The 1979 decision United Steelworkers of America v. Weber involved an affirmative action program at a private employer, Kaiser Aluminum. The Supreme Court decided Weber one year after Regents of the University of California v. Bakke, the case most lawyers think of as the Court’s first anti-affirmative action opinion. Weber found that private employers could adopt affirmative action policies more liberally under Title VII of the 1964 Civil Rights Act than it would find public employers could do under equal protection.

In the book, I wanted to say about Weber: “Private sector affirmative action policies were nonetheless safe, at least so long as they were not evaluated under the equal protection clause.” (245) This made intuitive sense, but substantiating this claim actually required constructing a very complicated doctrinal argument and a convoluted counterfactual. Queue the substrata article. It just so happened that this counterfactual was also useful to the argument I was making in my symposium piece. As a result, I was able to use several pages of the article, including some incredibly long footnotes, to construct a counterfactual and doctrinal argument I could not fit in the book.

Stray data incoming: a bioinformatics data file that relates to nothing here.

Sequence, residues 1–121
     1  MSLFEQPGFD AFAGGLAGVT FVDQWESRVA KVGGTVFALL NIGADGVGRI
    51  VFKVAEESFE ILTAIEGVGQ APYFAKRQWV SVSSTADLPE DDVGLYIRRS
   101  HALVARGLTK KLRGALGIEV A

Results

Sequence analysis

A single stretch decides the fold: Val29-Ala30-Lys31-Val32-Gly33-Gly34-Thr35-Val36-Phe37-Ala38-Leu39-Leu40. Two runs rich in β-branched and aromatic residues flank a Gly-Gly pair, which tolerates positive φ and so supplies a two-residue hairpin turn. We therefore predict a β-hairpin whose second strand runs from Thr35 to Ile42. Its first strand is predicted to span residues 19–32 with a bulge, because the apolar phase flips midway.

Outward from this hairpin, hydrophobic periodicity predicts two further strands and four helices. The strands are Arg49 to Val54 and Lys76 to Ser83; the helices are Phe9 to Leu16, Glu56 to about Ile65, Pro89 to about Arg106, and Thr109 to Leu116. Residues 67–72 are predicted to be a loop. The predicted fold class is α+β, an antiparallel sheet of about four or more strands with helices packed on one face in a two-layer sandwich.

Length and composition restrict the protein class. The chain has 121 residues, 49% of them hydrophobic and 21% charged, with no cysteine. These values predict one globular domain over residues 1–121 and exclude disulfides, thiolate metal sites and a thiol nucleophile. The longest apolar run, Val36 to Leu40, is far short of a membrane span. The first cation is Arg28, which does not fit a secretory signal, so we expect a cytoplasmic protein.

Race, Sex, and Rulemaking: Administrative Constitutionalism and the Workplace, 1960 to the Present” was another substrata article. Over half the book’s chapters are about agencies’ constitutional deliberations and policies. You’d think there wouldn’t be more I needed to say on this subject, but there was. “Race, Sex, and Rulemaking” used my historical material to make a theoretical claim: that the burgeoning literature on the Constitution outside of the courts had overlooked a pervasive site of constitutional interpretation and implementation, administrative agencies.